In all six of its volumes The Broadview Anthology of British Literature presents British literature in a truly distinctive light. Fully grounded in sound literary and historical scholarship, the anthology takes a fresh approach to many canonical authors, and includes a wide selection of work by lesser-known writers. The anthology also provides wide-ranging coverage of the worldwide connections of British literature, and it pays attention throughout to issues of race, gender, class, and sexual orientation. It includes comprehensive introductions to each period, providing in each case an overview of the historical and cultural as well as the literary background. It features accessible and engaging headnotes for all authors, extensive explanatory annotations throughout, and an unparalleled number of illustrations and contextual materials, offering additional perspectives both on individual texts and on larger social and cultural developments. Innovative, authoritative, and comprehensive, The Broadview Anthology of British Literature embodies a consistently fresh approach to the study of literature and literary history. The second edition of volume one of The Broadview Anthology of British Literature includes considerably more of Langland's Pier’s Plowman than appears in the first edition, and includes for the first time the work of John Gower. Also new to the bound book component of the anthology is the York Crucifixion Play, and additional work by Chaucer. With this volume as with the others, material continues to be added on an ongoing basis to the website component of the anthology.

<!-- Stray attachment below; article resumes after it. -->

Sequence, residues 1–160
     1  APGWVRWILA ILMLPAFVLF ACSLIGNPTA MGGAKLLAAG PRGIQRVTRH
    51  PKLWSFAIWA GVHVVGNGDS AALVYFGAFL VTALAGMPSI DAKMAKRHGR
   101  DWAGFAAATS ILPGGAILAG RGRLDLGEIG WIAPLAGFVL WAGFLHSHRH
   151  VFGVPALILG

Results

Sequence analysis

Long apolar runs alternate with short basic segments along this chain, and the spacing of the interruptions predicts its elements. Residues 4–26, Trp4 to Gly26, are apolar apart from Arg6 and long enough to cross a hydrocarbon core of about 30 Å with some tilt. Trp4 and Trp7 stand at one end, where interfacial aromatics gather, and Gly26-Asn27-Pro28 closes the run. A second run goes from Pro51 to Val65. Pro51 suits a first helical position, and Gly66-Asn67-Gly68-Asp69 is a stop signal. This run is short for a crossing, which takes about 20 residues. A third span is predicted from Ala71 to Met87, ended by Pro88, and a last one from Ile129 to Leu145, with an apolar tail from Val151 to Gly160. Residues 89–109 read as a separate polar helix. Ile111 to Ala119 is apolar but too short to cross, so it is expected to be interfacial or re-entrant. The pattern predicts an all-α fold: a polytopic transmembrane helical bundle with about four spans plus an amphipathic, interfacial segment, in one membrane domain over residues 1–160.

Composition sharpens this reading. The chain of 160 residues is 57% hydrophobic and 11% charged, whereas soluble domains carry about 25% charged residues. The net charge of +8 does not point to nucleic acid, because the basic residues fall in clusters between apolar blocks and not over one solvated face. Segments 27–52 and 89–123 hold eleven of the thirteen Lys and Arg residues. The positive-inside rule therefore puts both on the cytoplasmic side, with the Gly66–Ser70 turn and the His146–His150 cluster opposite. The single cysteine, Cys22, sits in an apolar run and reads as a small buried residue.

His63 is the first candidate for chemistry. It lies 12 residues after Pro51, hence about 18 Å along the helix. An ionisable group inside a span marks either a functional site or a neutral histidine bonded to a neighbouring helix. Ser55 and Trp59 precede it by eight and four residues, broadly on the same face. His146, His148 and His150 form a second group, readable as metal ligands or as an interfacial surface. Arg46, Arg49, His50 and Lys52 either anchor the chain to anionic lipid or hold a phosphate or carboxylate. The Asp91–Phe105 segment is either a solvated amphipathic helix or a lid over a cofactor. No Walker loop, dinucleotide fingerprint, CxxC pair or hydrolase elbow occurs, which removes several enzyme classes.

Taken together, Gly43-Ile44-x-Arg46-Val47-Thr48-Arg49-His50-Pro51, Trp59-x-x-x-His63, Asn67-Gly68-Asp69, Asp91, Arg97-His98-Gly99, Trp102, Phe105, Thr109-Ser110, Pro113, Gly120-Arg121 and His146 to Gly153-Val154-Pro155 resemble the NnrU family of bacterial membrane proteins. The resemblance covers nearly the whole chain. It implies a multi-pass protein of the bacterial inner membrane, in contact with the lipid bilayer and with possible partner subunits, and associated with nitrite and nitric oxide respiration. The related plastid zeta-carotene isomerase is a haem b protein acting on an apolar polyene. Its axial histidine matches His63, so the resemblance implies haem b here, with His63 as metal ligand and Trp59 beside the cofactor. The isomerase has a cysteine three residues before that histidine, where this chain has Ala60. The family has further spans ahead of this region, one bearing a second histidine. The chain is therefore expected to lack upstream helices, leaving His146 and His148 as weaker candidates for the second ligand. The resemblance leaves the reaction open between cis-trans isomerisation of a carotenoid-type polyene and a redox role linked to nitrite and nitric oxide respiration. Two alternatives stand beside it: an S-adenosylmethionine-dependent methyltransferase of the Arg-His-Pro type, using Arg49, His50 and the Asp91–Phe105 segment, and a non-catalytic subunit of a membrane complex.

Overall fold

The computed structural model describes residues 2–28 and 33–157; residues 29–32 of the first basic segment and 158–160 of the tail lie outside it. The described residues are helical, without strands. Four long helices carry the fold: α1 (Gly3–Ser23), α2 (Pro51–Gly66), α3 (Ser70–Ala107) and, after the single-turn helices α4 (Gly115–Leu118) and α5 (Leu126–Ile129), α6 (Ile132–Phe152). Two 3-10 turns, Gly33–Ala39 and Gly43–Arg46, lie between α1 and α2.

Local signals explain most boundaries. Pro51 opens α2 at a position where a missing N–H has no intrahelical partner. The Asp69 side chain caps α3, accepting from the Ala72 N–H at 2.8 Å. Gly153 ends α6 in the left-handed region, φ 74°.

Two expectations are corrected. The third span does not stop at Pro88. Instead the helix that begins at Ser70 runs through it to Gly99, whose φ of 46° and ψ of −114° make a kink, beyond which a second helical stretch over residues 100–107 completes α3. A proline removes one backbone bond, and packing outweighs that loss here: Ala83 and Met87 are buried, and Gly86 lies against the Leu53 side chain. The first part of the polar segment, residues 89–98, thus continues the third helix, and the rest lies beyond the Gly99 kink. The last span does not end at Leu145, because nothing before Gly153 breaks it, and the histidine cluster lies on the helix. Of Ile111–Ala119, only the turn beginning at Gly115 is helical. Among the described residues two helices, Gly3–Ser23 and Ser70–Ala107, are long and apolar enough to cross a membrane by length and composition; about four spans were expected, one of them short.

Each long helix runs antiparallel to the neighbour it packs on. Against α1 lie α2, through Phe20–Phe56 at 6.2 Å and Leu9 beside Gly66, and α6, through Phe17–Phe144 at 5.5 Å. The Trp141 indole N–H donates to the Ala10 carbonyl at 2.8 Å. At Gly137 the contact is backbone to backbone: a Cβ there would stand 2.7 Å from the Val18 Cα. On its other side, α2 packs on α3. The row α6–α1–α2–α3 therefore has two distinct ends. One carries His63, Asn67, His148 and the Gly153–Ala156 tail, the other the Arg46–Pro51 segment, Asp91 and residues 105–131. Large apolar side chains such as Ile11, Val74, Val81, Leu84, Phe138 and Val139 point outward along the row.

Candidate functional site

Geoffrey Chaucer was a British poet during the Middle ages and is still considered one of the greatest English writers of all time. Through this intriguing biography, readers will learn about Chaucer's life as he took part in the Hundred Years War, worked for King Edward III, and went on to write the well-known collection, The Canterbury Tales. Featuring lively illustrations, fascinating facts and sidebars, easy-to-read text, an accommodating glossary, and helpful index, this book will have readers excited and eager to learn more about this influential author.